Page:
D'alton, Edward Alfred
D'ALTON, EDWARD ALFRED
Irish historian; b. Lavallyroe, Ballyhaunis, Co. Mayo, Nov. 5?, 1859; d. Ballinrobe, Co. Mayo, Jan. 25, 1941. His parents, John and Ellen (Reynolds) D'Alton, were farmers. He studied at St. Jarlath's College, Tuam, and then at St. Patrick's College, Maynooth, where he matriculated in 1881 without receiving a degree. He was ordained in 1887. He applied unsuccessfully for the chairs of history in Cork and in University College, Dublin (1909). After serving as a curate in five parishes, he became, in 1911, pastor in Ballinrobe, cathedral canon, and vicar forane; and in 1912, a domestic prelate. In 1930 he became dean and vicar-general of the Archdiocese of tuam. D'Alton's writings on Irish history include articles on the Cromwellian and Restoration periods that appeared in the Dublin Review (1904–05) and several articles in the Catholic Encyclopedia. His best-known work was his History of Ireland, the first edition of which, in three volumes (1903–10), went to 1908; and the third edition, in eight half-volumes (1920–25), to 1925. He published also a History of the Archdiocese of Tuam (2 v.,1928). D'Alton's earlier writings were marked by open-mindedness, sober and objective judgments, and avoidance of dogmatism on controversial issues. His later publications, however, tended to take sides in disputed matters. His views approximated those of the "faith and fatherland" school that succeeded the "loyal Catholic" school of the preceding generation. Thus D'Alton was uncritical in his acceptance of writers of the Young Ireland movement against Cardinal Paul Cullen and in his treatment of the period subsequent to Parnell's condemnation. D'Alton's histories also lacked precision, originality, and familiarity with original sources.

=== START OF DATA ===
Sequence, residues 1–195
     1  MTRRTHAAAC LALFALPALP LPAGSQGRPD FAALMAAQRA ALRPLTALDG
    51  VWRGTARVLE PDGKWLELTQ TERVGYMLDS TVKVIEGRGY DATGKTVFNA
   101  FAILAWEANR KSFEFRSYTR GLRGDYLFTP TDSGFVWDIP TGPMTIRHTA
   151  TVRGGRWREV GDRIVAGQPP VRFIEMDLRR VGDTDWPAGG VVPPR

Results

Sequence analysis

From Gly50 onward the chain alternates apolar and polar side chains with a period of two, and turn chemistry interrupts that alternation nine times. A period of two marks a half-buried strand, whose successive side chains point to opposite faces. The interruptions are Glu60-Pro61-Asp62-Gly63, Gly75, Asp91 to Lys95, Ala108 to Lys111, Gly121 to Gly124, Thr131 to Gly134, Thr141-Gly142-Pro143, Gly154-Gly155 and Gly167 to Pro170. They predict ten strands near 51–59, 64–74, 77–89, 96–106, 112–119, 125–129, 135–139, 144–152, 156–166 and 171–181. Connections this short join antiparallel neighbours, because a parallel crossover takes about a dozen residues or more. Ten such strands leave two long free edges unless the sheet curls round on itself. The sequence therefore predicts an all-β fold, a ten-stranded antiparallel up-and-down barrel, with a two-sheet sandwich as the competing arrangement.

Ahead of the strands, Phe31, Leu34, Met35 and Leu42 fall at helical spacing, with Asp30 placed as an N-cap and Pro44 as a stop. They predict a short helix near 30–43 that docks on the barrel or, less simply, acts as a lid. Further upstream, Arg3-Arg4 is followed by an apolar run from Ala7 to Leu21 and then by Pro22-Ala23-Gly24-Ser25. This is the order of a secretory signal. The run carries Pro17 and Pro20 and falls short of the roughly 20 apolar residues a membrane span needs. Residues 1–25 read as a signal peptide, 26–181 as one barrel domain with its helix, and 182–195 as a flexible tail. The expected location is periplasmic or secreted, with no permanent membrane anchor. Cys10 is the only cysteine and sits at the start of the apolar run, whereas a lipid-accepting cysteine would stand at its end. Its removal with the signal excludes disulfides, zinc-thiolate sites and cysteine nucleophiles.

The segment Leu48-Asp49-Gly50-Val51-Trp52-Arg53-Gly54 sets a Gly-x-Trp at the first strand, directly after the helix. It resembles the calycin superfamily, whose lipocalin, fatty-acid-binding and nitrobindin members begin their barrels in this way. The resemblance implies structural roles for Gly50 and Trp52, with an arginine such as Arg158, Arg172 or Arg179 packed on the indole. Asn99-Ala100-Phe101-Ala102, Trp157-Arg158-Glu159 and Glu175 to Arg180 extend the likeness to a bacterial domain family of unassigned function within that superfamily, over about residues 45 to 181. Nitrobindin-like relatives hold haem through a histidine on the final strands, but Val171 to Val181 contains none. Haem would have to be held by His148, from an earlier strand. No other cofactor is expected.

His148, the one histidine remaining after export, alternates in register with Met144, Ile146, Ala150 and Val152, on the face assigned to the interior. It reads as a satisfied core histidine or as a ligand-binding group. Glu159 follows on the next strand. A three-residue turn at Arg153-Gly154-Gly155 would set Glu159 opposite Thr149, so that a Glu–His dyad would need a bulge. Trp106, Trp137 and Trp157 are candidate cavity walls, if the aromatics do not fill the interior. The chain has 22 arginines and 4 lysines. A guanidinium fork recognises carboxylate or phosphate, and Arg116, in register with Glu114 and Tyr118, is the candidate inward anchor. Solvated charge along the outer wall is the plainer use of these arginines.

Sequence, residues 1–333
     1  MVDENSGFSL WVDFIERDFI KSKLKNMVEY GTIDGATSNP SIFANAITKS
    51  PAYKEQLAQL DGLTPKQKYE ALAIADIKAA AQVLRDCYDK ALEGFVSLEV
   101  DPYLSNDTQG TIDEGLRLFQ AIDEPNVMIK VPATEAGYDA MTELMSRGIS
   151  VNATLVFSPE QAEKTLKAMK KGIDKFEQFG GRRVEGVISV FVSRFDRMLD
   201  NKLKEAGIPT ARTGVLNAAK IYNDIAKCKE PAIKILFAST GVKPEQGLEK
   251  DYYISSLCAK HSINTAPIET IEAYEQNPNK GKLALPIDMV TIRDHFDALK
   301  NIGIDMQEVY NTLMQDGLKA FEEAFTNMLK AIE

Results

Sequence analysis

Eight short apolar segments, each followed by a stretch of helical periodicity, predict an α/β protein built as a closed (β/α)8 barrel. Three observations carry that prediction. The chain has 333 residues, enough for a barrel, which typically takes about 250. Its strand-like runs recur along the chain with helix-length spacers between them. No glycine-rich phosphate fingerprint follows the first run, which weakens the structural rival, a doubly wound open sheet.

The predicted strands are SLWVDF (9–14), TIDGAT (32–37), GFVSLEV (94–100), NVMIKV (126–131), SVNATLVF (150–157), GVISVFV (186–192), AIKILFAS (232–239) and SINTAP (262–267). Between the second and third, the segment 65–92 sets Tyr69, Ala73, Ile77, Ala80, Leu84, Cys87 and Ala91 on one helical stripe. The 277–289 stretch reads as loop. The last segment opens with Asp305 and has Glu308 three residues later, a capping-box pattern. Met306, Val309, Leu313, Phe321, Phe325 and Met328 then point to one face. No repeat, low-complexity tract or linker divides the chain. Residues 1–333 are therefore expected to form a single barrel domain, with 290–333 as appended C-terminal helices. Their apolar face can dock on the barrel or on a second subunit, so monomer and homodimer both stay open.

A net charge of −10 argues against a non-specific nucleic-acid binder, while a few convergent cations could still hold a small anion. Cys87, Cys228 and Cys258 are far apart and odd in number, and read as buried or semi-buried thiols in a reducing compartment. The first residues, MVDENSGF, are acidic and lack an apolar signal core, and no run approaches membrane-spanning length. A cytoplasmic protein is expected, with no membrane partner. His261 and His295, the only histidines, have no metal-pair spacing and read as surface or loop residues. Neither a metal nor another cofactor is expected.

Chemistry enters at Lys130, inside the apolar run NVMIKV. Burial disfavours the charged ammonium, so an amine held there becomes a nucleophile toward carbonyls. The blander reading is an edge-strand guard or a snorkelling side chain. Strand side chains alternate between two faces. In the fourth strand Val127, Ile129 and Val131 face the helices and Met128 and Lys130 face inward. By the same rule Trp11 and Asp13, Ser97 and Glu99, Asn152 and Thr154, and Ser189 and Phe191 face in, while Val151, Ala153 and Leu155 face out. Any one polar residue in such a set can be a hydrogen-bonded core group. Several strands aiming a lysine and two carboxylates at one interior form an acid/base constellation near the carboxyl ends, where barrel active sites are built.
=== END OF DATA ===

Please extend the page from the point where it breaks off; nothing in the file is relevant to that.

Bibliography: For critiques of his History of Ireland, see The Irish Eccesiastical Record, 4th series, 15 (1904) 91–93; 28 (1910) 557–559. For a review of his History of the Archdiocese of Tuam, see Studies 18 (1929) 152–157.
[r. d. edwards]